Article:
In an 1833 Philadelphia Daily Chronicle article, which reappeared verbatim in many other cities in which the mummies were exhibited, the pseudonymous writer “Pythagoras” urged readers to “spare 25 cents to see these fragments of mortality…The pouting lip, the bright and scornful eye, the panting bosom of the present beauty, will probably be more fleeting than the actual remains I now exhort my fellow citizens to contemplate.” Chandler further enticed potential customers with a “Certificate of the Learned” posted outside the exhibition, detailing the unsolicited endorsement of seven physicians “calling the attention of the public to an interesting collection, not sufficiently known in this city.” The May 21, 1833, minutes of the Academy of Natural Sciences report that Dr. Samuel George Morton, among the physicians who signed Chandler’s certificate, commented on “the remarkable development of the cranium in one [of the mummies].”
Following Dr. Morton’s exhortation, a Maryland newspaper noted that 9, not 11, mummies were on display in Philadelphia. This report coincides directly with Morton’s purchase of two of Chandler’s mummies: the founder of American physical anthropology, later renowned for his racist craniometric theories and his anatomical collection of human crania—the “American Golgotha”—listed his new acquisitions in his Catalogue of Skulls as numbers 48 and 60. The former was reported to be the “embalmed head of an Egyptian girl, eight years of age, from the Theban catacombs” and the latter as the “embalmed head of an Egyptian lady about 16 years of age brought from the catacombs of Al Gourna, near Thebes, by the late Antonio Lebolo, from whose heirs I purchased it, together with the entire body.” Only the mummies’ heads were retained by Morton after he dissected their bodies at the Academy on December 10 and 17, 1833.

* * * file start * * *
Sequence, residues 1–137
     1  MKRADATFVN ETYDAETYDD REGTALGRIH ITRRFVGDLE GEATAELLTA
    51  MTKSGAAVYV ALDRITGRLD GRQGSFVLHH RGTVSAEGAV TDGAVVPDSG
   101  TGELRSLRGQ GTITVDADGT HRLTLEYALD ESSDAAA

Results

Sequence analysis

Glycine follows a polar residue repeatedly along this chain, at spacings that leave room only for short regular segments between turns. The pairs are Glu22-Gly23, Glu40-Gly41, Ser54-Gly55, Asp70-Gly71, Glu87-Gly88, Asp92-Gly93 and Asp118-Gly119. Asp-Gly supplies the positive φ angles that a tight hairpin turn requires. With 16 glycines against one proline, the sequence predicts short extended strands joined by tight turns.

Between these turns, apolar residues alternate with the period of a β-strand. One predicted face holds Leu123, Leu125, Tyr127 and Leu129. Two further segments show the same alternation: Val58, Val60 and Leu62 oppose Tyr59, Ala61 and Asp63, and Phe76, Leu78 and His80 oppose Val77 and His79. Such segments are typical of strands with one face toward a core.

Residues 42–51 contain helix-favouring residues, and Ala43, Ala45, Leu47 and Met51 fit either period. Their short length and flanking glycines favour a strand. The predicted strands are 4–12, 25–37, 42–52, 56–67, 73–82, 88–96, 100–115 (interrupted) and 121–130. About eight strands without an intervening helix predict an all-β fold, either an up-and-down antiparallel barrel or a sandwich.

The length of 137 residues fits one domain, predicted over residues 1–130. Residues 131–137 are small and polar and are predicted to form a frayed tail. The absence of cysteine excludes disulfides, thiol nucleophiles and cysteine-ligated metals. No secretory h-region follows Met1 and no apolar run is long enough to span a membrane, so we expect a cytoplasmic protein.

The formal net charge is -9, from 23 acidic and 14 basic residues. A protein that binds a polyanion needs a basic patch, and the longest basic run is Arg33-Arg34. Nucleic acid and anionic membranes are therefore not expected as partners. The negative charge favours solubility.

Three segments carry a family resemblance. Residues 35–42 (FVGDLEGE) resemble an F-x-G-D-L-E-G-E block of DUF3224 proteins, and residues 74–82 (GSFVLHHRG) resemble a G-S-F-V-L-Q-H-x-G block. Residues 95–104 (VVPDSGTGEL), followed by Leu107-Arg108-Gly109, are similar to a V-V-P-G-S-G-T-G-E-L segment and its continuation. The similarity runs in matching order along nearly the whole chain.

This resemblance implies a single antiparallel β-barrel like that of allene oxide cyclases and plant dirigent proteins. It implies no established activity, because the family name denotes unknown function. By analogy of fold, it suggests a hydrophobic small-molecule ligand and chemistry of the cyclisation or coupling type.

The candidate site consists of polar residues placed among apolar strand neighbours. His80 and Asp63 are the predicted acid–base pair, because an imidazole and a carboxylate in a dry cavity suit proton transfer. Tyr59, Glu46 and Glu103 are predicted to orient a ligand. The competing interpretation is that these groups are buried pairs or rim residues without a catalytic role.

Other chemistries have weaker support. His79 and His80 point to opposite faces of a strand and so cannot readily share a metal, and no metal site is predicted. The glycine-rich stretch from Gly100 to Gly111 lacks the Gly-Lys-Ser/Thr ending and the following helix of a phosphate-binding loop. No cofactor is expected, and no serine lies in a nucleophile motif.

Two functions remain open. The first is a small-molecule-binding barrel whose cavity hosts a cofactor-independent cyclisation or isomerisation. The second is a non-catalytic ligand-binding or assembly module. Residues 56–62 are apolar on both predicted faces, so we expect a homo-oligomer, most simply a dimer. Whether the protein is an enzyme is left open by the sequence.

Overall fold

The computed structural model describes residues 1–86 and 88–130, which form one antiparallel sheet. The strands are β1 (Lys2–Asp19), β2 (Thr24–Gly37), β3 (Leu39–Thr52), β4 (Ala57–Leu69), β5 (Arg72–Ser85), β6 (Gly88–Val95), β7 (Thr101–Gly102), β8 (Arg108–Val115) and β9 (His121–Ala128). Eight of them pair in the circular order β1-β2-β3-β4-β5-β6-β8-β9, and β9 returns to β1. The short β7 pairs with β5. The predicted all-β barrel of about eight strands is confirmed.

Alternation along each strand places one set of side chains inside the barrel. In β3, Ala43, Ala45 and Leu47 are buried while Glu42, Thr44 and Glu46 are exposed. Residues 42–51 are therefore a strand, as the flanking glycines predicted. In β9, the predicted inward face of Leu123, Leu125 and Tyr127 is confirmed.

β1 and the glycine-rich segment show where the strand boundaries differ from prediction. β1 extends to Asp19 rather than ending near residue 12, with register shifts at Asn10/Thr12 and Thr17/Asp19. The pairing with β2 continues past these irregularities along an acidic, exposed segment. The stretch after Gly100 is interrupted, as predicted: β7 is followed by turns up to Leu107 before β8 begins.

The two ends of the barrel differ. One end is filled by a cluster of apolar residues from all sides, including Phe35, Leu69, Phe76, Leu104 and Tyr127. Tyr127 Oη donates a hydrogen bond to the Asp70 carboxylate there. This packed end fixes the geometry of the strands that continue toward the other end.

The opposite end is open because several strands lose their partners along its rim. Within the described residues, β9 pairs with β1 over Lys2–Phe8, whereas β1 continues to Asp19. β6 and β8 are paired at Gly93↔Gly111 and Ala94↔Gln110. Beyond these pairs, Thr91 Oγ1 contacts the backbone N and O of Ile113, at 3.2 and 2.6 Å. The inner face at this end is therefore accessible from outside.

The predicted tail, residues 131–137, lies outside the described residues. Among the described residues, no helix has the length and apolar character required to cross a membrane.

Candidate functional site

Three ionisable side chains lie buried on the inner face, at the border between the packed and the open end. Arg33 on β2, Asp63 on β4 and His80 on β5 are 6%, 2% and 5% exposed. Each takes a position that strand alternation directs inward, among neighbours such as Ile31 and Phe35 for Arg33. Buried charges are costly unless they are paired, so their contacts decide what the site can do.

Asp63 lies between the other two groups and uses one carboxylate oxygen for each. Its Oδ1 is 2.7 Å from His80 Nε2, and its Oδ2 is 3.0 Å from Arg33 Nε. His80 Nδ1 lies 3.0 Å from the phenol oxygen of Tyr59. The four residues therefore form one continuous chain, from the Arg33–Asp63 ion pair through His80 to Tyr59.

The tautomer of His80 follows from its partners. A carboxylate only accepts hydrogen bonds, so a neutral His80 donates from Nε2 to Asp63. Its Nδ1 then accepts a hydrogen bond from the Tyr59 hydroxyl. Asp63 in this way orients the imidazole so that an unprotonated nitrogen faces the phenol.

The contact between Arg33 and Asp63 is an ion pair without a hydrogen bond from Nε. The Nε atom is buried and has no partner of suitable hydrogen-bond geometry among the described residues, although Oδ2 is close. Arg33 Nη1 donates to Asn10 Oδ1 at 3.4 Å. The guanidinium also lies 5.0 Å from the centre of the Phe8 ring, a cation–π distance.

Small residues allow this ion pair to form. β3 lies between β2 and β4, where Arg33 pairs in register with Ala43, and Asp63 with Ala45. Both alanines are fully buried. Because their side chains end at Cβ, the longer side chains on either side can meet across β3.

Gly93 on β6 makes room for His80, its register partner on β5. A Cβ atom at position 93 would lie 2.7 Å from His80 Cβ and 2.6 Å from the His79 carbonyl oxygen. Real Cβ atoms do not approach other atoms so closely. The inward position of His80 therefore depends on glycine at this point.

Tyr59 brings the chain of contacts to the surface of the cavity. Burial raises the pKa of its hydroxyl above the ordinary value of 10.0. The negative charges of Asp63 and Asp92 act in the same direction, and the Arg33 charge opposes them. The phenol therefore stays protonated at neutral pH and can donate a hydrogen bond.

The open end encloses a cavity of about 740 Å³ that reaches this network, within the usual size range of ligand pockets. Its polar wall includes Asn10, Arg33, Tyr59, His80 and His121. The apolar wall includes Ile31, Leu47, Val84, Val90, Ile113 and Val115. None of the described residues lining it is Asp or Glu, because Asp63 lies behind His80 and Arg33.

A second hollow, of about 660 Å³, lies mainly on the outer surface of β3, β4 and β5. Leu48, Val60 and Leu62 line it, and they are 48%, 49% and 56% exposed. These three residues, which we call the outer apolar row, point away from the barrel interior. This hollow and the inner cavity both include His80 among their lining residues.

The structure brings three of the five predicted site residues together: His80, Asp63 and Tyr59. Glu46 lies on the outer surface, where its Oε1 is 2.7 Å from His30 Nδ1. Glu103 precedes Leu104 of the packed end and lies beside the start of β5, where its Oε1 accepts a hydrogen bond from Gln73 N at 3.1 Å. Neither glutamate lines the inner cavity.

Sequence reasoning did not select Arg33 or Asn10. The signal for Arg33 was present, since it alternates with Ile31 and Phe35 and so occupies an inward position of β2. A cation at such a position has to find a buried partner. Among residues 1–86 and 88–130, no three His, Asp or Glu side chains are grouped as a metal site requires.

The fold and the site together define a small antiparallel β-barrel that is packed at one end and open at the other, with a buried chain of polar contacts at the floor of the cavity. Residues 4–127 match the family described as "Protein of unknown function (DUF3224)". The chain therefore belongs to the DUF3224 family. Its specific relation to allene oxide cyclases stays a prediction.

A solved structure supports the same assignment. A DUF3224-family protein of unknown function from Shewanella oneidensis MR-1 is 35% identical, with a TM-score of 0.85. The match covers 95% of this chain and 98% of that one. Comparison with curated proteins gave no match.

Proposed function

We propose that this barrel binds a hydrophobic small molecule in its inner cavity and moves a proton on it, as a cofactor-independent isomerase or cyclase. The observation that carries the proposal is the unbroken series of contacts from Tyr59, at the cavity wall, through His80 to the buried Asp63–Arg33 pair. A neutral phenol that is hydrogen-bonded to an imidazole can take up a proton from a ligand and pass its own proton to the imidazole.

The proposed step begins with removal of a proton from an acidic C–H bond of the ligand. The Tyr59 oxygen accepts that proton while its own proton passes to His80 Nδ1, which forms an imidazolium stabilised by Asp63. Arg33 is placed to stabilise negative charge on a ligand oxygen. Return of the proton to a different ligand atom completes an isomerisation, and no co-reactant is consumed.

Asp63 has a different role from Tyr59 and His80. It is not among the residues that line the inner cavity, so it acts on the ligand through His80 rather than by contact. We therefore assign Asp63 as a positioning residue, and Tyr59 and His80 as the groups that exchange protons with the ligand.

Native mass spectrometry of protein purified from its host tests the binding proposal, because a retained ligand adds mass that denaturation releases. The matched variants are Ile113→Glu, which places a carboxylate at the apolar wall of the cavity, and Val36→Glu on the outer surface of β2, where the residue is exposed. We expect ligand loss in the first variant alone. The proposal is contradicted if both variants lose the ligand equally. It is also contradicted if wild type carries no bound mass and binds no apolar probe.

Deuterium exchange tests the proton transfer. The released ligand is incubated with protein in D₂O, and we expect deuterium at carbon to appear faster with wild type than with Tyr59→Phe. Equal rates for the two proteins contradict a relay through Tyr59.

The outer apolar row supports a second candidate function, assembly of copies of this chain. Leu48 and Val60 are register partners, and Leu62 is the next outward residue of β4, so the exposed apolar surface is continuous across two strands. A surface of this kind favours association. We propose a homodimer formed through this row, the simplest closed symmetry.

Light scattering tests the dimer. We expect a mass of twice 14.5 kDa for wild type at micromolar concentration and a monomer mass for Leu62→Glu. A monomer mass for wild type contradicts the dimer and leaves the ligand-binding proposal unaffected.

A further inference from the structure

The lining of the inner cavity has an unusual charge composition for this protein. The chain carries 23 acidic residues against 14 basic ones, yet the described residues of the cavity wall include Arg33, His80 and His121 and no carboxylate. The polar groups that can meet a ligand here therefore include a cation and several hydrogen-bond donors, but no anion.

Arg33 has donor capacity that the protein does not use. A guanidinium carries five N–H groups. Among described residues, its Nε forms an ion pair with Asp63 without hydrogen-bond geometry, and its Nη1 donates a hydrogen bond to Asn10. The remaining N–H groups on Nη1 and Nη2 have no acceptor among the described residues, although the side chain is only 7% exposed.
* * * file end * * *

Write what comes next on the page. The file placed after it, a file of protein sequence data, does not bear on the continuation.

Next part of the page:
Joseph Smith Purchases Mummies and Papyri
Taking the show on the road, Chandler traveled with the remainder of his mummies along the East Coast and into Appalachia, continuing to exhibit and sell the corpses until he had only four mummies and some articles of papyrus in his possession when arriving in the town of Kirtland, Ohio, on July 3, 1835. This hilly Northeast Ohio town served as the center of the Latter Day Saints (LDS) movement after the prophet Joseph Smith relocated from upstate New York in 1831. Chandler was drawn to the fledging religious community following Smith’s claims of having translated a holy book called the Book of Mormon, allegedly inscribed in an ancient Egyptian language on golden plates found buried in Palmyra, New York. Although Jean-Francois Champollion had deciphered hieroglyphics with the use of the Rosetta Stone in the early 1820s, this scholarship was unavailable to Smith and the American linguists that Chandler consulted concerning the meaning of the inscriptions on the papyrus. On July 6, Smith noted in his diary that the “Saints at Kirtland” purchased the mummies and papyrus for the hefty sum of $2,400, finishing off Chandler’s collection and providing Smith with raw material for another divinely inspired translation of mysterious texts. Chandler retired to more mundane pursuits and settled on a farm.